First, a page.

Cairo to Capetown: Biking Through the Heart of Africa
By Daniel Gold
“Alllllllllaaaahhhhhhhhhh….” The booming voice of a muezzin reciting the morning prayers from a mosque loudspeaker jolts me awake.
The first attempt to open my eyes proves unsuccessful, as the sand that has accumulated in them (as well as every other orifice in my body) from the previous day’s ride presents an obstacle.
When I’m finally able to blink out the crust, I can make out the luminous Sudanese desert night sky through the screen ceiling of my tent, stars shining and free from competing against pollution and skyscrapers.
At 4:30 AM, it’s still too early to get up, so I decide to make a feeble attempt to sleep through the deafening morning prayers.
After finally drifting off an hour later I am once more unceremoniously disturbed from my slumber, this time by the booming vocals of Freddie Mercury.
The opening lines of Queen’s bicycle song (“I want to ride my bicycle, I want to ride my bike….”) blare from our support truck.
Despite waking us up with this song every morning for the past three weeks, our overland support staff still finds this funny. Hilarious, those guys.
I struggle to get up once again, change into my riding clothes, pack up my tent and sleeping gear, and swallow down some bland porridge before starting the 70-mile trek in the Sudanese sun. So begins another day on the Tour D’Afrique.
Covering Some Territory
The Tour D’Afrique is the longest most grueling bike race/expedition in the world, covering 12000 kilometers (7,456 miles) through Egypt, Sudan, Ethiopia, Kenya, Tanzania, Malawi, Zambia, Botswana, Namibia and South Africa.
My uncle, Henry Gold, started the tour in 2003 as a way to promote sustainable transport and introduce adventurous travelers to a continent he fell in love with, a continent that most people would be reluctant to travel through on their own.
In 2006, more than 50 riders attempted the trip from Cairo, and I was one of them.
Land of Contrasts
There’s not enough I can write to capture the essence of my experiences on the tour and in Africa. I hate to generalize Africa as one place, because if there is one thing I’ve learned it is that Africa is a place of a million different contrasts.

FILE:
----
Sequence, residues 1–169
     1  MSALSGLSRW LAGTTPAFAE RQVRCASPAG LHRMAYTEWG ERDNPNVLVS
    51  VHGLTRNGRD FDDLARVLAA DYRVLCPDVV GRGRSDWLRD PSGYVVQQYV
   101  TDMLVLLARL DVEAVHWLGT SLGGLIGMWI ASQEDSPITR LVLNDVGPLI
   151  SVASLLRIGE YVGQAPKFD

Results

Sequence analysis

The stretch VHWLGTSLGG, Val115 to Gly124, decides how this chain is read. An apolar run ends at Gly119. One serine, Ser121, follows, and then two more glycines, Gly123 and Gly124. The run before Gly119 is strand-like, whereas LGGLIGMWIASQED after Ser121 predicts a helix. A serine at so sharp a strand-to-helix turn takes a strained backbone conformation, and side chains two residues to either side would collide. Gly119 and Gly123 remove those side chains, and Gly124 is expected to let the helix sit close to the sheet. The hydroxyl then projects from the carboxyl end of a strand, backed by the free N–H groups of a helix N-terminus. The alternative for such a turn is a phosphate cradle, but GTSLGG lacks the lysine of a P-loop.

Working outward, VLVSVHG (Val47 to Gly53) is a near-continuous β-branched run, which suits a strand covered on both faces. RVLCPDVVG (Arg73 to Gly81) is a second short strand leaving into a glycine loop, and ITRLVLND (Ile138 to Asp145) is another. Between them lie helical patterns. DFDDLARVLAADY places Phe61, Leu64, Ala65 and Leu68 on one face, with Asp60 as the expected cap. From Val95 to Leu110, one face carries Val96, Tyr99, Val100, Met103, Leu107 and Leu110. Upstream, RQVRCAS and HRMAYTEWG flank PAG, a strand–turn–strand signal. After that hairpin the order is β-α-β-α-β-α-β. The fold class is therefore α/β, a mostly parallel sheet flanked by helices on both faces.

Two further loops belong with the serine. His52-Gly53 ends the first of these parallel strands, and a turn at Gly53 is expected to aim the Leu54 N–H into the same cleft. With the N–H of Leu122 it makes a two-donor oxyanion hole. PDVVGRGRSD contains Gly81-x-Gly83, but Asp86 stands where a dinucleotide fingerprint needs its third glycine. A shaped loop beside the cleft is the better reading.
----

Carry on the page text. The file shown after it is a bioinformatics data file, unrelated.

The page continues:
It’s a place where change always seems imminent but things appear to have stayed the same for hundreds if not thousands of years.
It’s a place that can be filled with staggering beauty and heartbreaking displays of humanity one minute, and frustrating and full of despair and pain the next, leaving you feeling disillusioned and hopeless.
Still, whenever I missed the comforts and modern amenities of home, or when the strain of the tour and the poverty and despair became almost too much to bear, something extraordinary would happen, as if the continent itself was trying to reach out and grab hold of me, shaking me until I’d wake up and become fully aware of my surroundings.
These events left me feeling as if I was trespassing through a different world, witnessing and doing things that people like me aren’t supposed to be doing.
The Heart of the Story
Forget the other-worldly landscapes, the wild animals, and the other conventional African formalities. At the heart of every good African story lies the people, the locals, and there were many I met along the way.
Some of them tugged at your heart strings, while some just tugged at your pants in a not so subtle attempt to remove your wallet.
There were the proud Sudanese villagers, displaying a hospitality and generosity that would come to define the country for me (and contradicting every prior assumption I had made), who would invite me into their sparse homes for chai, refusing to take no for an answer.
Insomniac Truck Driver
I hitchhiked with an insomniac Kenyan truck driver who took 36 hours to cover 900 km (560 miles), traveling over roads that stretched the definition of the word and chewing the amphetamine qat the entire time.